Author: Bear Studios

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About Bear Studios

A company founded and run by students that focuses on strategy, design, and technology for clients in St. Louis and beyond. www.bearstudios.org


Max Klapow, LA ’21, is a psychology-neuroscience-philosophy and cognitive neuroscience double major from Birmingham, Alabama. Max joined the Bear Studios team as a strategy fellow in December 2018. He wrote this for the Olin Blog.

When we think about innovation, a lot of business-school buzzwords come to mind. “Tech,” “corporate shake-up,” “industry disruption”—the list goes on and on. Rarely, however, do we include words like “human,” “heart,”  “connection,” or “understanding” among that list.

By failing to link innovation to its human-centric conception, we further the idea that business is logic and nothing more. Business is spreadsheets, go-to-market plans, careful research, and analytic approaches to engagement.

“It’s nothing personal,” we even say, “It’s just business.”

We’re quick to draw a dichotomy between logic and emotion. It makes sense; emotions seldom line up with the objective reality, so we’re hesitant to trust them.

But this separation has become extreme. Think how we assess skills in the workplace. There are the “hard skills”: spreadsheets, word processing, research abilities, and meeting quotas. Then, we have the “soft skills”: communication, teamwork, problem-solving and understanding the big picture. These so-called “soft” skills are, in fact, essential to making change to both the business world at large and the collaboration and innovation within in.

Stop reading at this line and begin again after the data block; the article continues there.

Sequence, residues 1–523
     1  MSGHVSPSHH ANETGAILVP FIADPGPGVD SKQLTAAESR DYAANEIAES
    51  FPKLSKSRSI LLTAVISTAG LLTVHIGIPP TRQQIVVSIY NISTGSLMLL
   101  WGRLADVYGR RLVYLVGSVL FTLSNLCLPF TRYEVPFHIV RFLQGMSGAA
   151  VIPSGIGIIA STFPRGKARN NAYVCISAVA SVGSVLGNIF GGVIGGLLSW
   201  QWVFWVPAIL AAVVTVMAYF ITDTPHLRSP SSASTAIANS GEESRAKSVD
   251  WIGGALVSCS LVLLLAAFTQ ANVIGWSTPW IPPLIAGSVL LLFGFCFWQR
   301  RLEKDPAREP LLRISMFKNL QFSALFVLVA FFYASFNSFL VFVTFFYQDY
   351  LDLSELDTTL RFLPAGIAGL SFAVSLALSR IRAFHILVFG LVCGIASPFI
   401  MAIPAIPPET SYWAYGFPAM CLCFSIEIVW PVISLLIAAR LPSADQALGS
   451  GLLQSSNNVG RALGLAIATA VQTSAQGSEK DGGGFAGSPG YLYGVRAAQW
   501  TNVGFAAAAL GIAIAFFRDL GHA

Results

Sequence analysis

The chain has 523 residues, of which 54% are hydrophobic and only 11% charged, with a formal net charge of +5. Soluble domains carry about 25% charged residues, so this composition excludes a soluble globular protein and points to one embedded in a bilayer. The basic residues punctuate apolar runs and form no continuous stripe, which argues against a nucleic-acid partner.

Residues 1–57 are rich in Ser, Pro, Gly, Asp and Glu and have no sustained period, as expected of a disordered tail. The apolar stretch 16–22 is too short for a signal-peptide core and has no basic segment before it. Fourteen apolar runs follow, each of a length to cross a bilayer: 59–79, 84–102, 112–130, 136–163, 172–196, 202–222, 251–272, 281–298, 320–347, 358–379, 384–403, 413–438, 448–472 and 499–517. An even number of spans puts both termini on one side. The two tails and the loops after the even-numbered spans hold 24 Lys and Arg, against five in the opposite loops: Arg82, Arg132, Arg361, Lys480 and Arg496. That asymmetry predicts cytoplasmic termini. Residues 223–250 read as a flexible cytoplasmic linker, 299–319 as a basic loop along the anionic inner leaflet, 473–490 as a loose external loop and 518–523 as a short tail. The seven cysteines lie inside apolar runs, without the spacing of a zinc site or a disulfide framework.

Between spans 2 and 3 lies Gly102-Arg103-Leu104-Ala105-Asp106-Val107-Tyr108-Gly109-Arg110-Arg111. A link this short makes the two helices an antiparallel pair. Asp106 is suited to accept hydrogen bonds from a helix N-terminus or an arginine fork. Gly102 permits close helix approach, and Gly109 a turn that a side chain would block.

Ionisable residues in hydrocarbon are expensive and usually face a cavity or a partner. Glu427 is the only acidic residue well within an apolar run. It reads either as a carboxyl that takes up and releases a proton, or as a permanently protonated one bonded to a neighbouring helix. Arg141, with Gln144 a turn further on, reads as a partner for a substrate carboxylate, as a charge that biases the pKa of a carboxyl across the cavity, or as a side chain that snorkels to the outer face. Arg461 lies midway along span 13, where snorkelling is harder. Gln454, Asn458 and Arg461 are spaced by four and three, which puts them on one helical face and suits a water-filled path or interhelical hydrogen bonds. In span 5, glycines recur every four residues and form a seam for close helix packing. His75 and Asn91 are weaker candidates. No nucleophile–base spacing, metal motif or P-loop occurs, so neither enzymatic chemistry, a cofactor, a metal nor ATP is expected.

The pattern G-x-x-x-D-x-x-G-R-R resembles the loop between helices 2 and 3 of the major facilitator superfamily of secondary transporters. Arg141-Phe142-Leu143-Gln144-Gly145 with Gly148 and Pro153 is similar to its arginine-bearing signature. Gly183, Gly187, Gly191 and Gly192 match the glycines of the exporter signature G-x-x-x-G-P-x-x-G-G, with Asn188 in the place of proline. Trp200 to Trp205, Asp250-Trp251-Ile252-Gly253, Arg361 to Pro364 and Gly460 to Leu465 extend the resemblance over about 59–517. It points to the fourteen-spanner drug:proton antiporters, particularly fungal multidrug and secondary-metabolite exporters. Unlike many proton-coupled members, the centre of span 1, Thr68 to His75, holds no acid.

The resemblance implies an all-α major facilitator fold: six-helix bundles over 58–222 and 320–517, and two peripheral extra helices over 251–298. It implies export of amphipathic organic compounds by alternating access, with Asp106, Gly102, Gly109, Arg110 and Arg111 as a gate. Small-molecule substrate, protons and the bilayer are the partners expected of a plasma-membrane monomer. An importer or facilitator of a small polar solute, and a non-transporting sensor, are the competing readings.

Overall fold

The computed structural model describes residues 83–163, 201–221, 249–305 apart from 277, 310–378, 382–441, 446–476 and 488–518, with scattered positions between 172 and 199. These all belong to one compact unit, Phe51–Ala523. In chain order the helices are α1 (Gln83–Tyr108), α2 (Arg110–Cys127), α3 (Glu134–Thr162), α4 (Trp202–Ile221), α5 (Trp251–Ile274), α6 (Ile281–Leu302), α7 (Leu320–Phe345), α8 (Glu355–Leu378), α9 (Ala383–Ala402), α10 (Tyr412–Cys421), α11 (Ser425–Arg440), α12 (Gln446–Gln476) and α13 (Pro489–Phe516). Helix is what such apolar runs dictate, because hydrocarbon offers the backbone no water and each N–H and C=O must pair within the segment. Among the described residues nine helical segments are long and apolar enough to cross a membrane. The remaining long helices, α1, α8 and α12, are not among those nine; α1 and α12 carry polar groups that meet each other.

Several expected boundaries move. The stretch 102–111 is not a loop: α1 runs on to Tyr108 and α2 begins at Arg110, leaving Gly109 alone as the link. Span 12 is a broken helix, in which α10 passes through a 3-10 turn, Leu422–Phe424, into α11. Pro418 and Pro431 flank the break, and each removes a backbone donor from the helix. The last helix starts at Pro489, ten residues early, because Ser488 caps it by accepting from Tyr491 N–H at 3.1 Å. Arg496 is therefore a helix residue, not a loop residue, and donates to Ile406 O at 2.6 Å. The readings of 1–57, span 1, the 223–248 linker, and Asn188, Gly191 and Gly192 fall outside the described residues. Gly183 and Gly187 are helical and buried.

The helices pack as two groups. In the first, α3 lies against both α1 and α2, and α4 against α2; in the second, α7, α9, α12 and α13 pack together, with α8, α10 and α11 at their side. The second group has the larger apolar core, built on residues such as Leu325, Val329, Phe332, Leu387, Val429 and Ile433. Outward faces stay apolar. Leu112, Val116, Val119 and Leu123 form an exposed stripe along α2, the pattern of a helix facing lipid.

Emphasizing the human connection

First, however, we must recognize that innovation requires empathy.

In a world where technology is ubiquitous, solutions that offer humans more benefit are the key to engagement. It’s a wickedly simple concept. People want to like what they use. The hang-up, however, tends to lie in the approach.

This where human-centered organizations like Bear Studios, Two Ravens (where I interned last summer as an analyst), and the Skandalaris Center for Interdisciplinary Innovation and Entrepreneurship make an impact. Whether it’s regular team brainstorming at Bear Studios, design thinking seminars at Two Ravens, or venture opportunities and networks at Skandalaris, it’s nearly impossible to miss the emphasis on human connection in business.